According to April Benson, Ph.D., author of To Buy or Not to Buy, one of the major problems with shopping addiction is that it’s often called “the ‘smiled-upon addiction’ because it’s socially condoned.” But in reality, this addiction, like many others, can wreak havoc to the point it destroys families.
Shopping addiction becomes dangerous because most shopaholics put their purchases on credit cards, which is the leading cause of debt in American households. In fact, recent studies have shown that credit card debt is at a record high as of January 2018.
Keep reading to find out the ins and outs of shopping addiction and how you can treat it.
Compulsive vs. Impulse Shopping
The difference between impulsive and compulsive shopping is based on the feelings that motivate the purchases. When you shop impulsively, you are making a purchase without planning.
You’re primarily reacting to an external trigger like seeing a sale sticker on an item you already wanted. If you are a compulsive shopper, you are more likely to shop for an internal reason. Compulsive shopping trips are primarily brought on to relieve uncomfortable feelings like sadness or anxiety.
Because compulsive shopping is a response to an emotional need, it is more likely to become a problem. Compulsive shopping is the first step of shopping addiction.
Signs of Shopping Addiction
To properly diagnose shopping addiction, you have to look at a few different factors. For starters, just because a person likes to shop often, it doesn’t mean they have a problem.
If you are shopping beyond your financial means on a regular basis for products you don’t need, you most likely have a problem. Whereas splurging on gifts during the holiday season isn’t uncommon nor does it leave a major impact.
Here are some signs to look out for in yourself or loved ones if you suspect an addition to shopping.
You Often Buy Things You Don’t Need
Every once in a while, we all buy things we don’t need. Maybe there was a massive sale and you hadn’t treated yourself in a long time. Purchases like that are perfectly fine.
But if you constantly buy items that you can do without, you might have a problem. Some people might say they are obsessed with buying new electronics, for instance. Having more organized obsessions like these don’t make it less of a problem.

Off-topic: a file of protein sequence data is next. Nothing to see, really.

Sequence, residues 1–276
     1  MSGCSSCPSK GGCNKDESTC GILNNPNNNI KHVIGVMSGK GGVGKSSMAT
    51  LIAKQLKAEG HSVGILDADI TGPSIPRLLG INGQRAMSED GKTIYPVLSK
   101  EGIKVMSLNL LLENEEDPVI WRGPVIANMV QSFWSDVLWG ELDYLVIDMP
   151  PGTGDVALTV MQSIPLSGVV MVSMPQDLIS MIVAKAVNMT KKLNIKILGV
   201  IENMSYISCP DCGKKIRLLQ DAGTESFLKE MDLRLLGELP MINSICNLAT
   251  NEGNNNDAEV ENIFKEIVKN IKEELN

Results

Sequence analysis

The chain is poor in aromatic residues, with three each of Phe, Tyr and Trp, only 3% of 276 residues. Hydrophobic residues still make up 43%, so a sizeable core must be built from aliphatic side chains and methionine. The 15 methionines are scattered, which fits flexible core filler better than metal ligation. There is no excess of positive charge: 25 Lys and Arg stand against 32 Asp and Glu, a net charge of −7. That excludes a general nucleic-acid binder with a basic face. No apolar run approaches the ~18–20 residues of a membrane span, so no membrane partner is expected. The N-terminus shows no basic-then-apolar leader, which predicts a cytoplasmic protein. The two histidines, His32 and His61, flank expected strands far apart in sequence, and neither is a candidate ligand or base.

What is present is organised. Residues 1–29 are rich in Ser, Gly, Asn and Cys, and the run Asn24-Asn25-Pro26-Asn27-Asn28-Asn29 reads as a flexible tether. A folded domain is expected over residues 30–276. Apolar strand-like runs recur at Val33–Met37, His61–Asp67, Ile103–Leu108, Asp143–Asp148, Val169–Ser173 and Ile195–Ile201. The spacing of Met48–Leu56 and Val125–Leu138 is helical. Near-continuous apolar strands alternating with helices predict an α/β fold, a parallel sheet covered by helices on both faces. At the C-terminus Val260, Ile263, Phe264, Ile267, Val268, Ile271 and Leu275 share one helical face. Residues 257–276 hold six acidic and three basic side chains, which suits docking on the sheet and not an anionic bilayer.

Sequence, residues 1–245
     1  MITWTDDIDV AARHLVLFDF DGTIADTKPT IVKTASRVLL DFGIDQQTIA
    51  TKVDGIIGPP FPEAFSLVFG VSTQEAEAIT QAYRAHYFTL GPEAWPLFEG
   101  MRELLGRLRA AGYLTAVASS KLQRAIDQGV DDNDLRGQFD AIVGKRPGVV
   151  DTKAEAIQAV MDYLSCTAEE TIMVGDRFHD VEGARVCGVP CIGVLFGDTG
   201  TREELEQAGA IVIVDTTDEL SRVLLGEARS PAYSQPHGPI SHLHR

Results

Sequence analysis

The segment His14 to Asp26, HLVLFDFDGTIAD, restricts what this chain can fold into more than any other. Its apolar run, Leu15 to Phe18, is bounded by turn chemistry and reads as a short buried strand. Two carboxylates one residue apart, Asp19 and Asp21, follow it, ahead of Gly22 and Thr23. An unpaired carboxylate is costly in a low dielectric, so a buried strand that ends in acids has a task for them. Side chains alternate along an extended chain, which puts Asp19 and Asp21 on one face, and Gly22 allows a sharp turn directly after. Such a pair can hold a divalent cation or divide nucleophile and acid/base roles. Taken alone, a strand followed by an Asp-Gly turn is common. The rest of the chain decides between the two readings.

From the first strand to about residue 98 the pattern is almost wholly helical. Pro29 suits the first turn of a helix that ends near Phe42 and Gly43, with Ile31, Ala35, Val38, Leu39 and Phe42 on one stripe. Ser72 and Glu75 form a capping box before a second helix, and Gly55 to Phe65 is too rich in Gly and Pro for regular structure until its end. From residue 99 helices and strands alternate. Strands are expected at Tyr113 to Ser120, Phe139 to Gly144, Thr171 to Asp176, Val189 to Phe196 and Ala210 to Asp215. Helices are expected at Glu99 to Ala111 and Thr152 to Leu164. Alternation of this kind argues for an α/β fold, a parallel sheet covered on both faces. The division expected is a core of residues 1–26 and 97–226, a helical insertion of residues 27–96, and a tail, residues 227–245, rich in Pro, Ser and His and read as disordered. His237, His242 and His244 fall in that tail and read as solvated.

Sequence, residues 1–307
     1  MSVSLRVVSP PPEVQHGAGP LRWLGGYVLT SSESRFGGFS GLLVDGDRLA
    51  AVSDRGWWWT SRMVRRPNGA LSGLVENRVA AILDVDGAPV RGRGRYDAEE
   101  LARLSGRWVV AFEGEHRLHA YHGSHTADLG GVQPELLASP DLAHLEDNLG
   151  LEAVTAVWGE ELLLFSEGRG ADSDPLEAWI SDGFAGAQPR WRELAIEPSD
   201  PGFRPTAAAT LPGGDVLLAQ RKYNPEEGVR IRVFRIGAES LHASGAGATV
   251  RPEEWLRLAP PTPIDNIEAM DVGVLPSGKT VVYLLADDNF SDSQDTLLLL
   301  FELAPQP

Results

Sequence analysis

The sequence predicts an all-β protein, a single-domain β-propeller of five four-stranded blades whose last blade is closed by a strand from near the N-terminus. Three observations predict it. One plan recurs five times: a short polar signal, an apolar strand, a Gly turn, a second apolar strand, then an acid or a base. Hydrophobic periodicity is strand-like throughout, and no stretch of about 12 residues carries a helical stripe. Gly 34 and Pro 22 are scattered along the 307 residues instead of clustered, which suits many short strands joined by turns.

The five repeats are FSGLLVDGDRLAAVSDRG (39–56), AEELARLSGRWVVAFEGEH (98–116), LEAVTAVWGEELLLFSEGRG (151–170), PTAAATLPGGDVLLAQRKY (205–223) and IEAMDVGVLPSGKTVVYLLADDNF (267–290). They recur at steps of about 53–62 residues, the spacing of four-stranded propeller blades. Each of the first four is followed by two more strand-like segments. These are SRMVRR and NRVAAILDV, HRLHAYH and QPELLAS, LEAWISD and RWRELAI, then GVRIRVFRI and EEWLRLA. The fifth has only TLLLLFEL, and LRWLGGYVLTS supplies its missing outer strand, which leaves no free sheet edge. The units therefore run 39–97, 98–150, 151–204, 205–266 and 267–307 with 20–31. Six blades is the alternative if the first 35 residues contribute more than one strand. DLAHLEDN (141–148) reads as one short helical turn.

Not everyone with a shopping addiction splurges on anything and everything. Some people have a particular type of poison.
Shopping is an Emotional Response
Addictions tend to fill emotional voids like loneliness, anger, or confidence. In this realm, shopping addictions aren’t very different from substance abuse.
So, if you see yourself rushing to the mall (or your favorite website) when you’re upset, you might want to further analyze your own intentions.
Not Shopping Gives You Anxiety
Just as alcoholics go through withdrawal when they don’t have a drink, shopaholics tend to feel anxious when they don’t shop. Even if you usually like to shop in a store, people with this addiction will shop online in order to reach that feeling of joy or highness if their day is too packed to make it to their store of choice.
You Get a Rush from Making Purchases
It isn’t the joy of owning a new item that makes people with shopping addictions feel a rush or high. It’s the actual act of making a purchase that drives the feeling.
Dopamine, the chemical that releases pleasure into the brain is released in small waves when shopaholics buy things. The continuous surges of dopamine are often addictive.
But You Feel Guilty Afterward
Most people with shopping addictions often hunt for bargains. So, the guilt doesn’t always come from overspending, it comes from knowing they probably weren’t supposed to be shopping in the first place.
In the mist of feeling guilty, most will try to rationalize the purchases.
You Try to Hide Your Shopping
This is the number one sign of a shopping problem. If you feel like you have to hide your purchases from friends and family, it is a sign that you need help.
Other Shopping Addict Characteristics
Shopping addiction can present itself in brick and mortar stores and online where stores are open 24 hours a day, 365 days a year. Regardless of which type of shopping you enjoy doing the most, these are some characteristics shopping addicts have in common:
- Improper impulse control
- A family history of mood disorders
- Low self-esteem
- Substance abuse
- Mental disorders like depression, anxiety, and personality disorders
- Problems in relationships
- Financial stress
If you think your shopping has gotten out of hand, it’s best to get to the root of the problem to gain control over the issue.
If you have a shopping addiction, you don’t have to be alone when trying to overcome it.
Cognitive behavioral therapy (CBT) programs are among the best you can enroll in for behavior modification. During these therapy treatments, you will have weekly meetings with a trained therapist.
They will help you understand what’s motivating your shopping and how to resolve it best. The appointments are mostly scheduled once a week.
Another therapeutic method you can benefit from is CBT group therapy. During these sessions, you and other people who are battling addiction can share your stories in an open format with a therapist present to help you.
More serious shopping addictions can be helped if you join an inpatient shopping addiction center. In these types of facilities, professionals will monitor your overall health while you are going through treatment.
Shopping addiction can take a toll on every aspect of your life, starting with your finances. Take the steps to help make yourself happier by getting to the root of the problem to find a solution. Continue to learn more about customer relations and shopping.
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